On July 5, the Audiovisual Anti-Piracy Alliance (AAPA) issued a statement warning policymakers against banning geo-blocking technologies used to protect territorial licensing models, and to say that a ban on geo-blocking could increase the risk of piracy.
In 2018, the European Parliament passed regulation to address geo-blocking, and to ensure that it is non-discriminatory based on nationality, place of residence, and other criteria. Beginning in 2020 and every five years thereafter, the European Commission is committed to report on its impact to the Parliament and other EU regulatory bodies. Discussion of a March 2023 report on the implementation of this 2018 regulation has been underway.
Through its statement, AAPA takes a position in four areas:
1) Geo-blocking technologies are key to protect exclusive territorial licenses
Currently, audiovisual services providing access to high-value and premium content (sport, films, high-end drama or entertainment) are marketed on the basis of exclusive territorial licenses which allow right-sholders to negotiate and sell rights on a territory-by-territory based, reflecting the need to accommodate territory-specific needs. Geo-blocking helps preserve territorial licensing models.
2) The financing of the whole European audiovisual ecosystem depends on the preservation of the exclusive territorial licensing model
AAPA says that exclusive territorial licenses represent the most efficient and beneficial model for the European cultural, creative and sports sector, a model continues to underpin the financing of new film and audiovisual content production in the EU, in particular by enabling presales and preserving the value of future distribution rights. A 2020 study by Oxera says that if geoblocking did not exist, lost revenue could be as much as €8.2 billion euros per year.
3) Banning geo-blocking technologies for audiovisual services would not benefit consumers
A ban of geo-blocking for audiovisual services would end the territorial licensing model, leading de facto to a pan-European licensing model, which could favor the largest media corporations in Europe or major new entrants from outside Europe who would be the only entities in capacity to bid or afford pan-European licenses; consequently resulting in fewer programming choices, disproportionate market power being wielded by such corporations, and higher prices for consumers.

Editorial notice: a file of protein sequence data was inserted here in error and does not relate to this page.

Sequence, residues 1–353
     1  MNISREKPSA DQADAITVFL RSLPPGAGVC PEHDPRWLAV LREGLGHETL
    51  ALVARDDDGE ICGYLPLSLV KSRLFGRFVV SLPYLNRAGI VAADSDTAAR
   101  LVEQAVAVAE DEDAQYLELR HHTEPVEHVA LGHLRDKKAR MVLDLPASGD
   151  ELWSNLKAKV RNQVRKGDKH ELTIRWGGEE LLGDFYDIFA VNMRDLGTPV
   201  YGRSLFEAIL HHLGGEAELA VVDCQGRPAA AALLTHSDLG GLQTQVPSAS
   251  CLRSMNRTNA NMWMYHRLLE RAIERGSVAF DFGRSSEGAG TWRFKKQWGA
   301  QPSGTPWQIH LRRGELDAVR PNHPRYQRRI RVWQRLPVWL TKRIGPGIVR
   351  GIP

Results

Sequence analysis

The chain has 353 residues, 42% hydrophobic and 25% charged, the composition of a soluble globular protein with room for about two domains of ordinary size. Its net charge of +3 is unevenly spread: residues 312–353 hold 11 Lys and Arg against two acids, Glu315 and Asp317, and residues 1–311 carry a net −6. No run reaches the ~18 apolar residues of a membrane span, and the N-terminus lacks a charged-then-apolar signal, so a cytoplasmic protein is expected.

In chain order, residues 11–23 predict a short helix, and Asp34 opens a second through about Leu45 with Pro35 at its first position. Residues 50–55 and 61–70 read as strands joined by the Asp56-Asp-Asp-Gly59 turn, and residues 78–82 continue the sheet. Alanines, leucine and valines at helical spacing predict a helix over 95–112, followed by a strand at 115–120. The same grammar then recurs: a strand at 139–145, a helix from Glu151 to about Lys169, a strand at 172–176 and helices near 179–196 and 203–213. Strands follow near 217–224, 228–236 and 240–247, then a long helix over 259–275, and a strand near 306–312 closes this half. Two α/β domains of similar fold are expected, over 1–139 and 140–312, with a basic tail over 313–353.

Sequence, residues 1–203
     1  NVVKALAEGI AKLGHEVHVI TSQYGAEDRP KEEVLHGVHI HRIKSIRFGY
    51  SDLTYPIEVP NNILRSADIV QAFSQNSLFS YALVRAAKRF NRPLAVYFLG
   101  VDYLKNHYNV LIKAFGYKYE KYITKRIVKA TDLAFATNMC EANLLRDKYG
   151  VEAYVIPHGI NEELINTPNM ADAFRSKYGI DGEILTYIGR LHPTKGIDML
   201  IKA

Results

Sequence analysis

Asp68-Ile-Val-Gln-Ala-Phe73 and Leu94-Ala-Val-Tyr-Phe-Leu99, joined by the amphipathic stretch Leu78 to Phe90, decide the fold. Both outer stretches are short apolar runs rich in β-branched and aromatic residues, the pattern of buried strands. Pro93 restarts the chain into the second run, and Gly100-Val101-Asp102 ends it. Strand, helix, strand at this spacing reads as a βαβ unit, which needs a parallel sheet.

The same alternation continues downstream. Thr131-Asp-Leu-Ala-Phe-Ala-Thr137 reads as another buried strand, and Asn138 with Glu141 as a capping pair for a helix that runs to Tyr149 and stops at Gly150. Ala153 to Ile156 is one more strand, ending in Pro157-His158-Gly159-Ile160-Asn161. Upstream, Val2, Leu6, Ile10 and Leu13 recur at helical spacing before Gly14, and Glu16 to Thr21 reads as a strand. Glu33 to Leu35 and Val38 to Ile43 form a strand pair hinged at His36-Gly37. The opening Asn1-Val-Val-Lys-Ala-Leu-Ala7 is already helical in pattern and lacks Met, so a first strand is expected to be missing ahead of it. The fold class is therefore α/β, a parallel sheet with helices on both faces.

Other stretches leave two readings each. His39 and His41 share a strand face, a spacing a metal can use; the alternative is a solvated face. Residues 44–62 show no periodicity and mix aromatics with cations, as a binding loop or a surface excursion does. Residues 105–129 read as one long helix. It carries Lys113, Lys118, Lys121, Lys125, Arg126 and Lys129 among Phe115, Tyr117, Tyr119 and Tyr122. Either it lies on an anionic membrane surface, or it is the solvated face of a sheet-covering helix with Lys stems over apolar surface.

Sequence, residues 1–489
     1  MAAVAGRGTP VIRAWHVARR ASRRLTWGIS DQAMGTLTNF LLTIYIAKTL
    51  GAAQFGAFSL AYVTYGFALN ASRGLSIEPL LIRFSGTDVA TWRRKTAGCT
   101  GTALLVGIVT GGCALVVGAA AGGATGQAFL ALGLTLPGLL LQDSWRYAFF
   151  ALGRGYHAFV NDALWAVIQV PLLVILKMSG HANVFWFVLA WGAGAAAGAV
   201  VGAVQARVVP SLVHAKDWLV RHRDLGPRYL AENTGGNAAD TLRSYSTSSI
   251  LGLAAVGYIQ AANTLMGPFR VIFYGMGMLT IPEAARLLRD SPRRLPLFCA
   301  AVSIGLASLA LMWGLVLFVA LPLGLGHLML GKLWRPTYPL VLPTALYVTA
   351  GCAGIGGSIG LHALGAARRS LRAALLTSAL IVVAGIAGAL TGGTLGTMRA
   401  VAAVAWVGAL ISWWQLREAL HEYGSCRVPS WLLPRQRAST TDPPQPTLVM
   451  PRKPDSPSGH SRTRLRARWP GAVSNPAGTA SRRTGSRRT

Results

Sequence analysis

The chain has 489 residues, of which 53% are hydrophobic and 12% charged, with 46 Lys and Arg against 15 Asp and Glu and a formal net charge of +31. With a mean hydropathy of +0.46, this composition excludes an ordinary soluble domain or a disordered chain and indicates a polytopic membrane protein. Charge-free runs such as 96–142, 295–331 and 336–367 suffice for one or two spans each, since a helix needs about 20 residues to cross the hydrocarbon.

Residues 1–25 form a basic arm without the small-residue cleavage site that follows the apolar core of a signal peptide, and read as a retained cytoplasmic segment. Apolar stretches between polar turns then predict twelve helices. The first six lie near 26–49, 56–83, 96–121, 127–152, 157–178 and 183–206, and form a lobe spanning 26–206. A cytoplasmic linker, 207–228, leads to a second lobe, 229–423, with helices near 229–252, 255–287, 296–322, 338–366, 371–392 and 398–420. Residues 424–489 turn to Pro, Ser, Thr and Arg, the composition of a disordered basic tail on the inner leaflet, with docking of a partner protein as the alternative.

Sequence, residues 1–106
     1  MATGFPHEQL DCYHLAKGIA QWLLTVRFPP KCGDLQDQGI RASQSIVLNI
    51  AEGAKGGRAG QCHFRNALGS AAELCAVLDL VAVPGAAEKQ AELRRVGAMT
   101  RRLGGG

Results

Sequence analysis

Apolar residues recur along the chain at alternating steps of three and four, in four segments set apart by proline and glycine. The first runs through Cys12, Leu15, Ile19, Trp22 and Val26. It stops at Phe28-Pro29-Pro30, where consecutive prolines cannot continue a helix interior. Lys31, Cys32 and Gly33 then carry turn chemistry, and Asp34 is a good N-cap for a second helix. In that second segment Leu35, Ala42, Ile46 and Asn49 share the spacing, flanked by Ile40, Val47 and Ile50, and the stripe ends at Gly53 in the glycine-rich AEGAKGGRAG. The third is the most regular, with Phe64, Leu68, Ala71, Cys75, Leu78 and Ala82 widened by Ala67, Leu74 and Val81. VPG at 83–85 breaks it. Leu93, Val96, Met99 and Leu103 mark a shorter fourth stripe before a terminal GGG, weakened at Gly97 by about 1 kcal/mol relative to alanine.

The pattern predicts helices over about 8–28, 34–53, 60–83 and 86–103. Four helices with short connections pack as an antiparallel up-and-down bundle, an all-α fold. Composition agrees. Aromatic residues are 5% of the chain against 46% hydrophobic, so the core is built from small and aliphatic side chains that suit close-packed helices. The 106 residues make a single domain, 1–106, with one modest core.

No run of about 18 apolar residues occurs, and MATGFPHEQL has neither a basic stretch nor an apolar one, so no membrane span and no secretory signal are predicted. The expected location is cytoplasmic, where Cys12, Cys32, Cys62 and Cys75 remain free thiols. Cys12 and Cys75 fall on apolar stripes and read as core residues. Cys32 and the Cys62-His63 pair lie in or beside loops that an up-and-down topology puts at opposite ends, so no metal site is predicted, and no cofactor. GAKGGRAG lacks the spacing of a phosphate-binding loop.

4) Banning geo-blocking for audiovisual services is not a response to the growing piracy of audiovisual content in the EU
AAPA cites industry reports that the main driver for piracy of audiovisual content is the price of the legal offer which is considered too high by some users, and that a ban on geoblocking would likely lead to more expensive legal offers for consumers, and consequently, higher levels of piracy.
AAPA’s position on the European Parliament own initiative report on the implementation of the Geo-blocking Regulation. Press release. July 5, 2023. AAPA Audiovisual Anti-Piracy Alliance
Regulation (EU) 2018/302 of the European Parliament and of the Council of 28 February 2018 on addressing unjustified geo-blocking and other forms of discrimination based on customers’ nationality, place of residence or place of establishment within the internal market and amending Regulations (EC) No 2006/2004 and (EU) 2017/2394 and Directive 2009/22/EC (Text with EEA relevance. ). Regulatory document. February 2018. European Parliament.
Implementation of the 2018 Geoblocking Regulation in the Digital Single Market. Report. March 2023. European Parliament
Why it matters
The Audiovisual Anti-Piracy Alliance came out in strong support of geo-blocking technologies, saying that “Geo-blocking technologies are a source of dissatisfaction only for consumers who want to access audiovisual content for free.”
AAPA also notes that geo-blocking serves to protect cultural demands and viewing preferences that differ across EU member states.
A cynic may say “well of course AAPA supports geo-blocking,” based on the fact that some AAPA members are anti-piracy technologists whose product portfolios have some focus on location. But any bias is tempered by the needs of major rights-holders that are also members of the organization. AAPA’s concerns are vendor-neutral.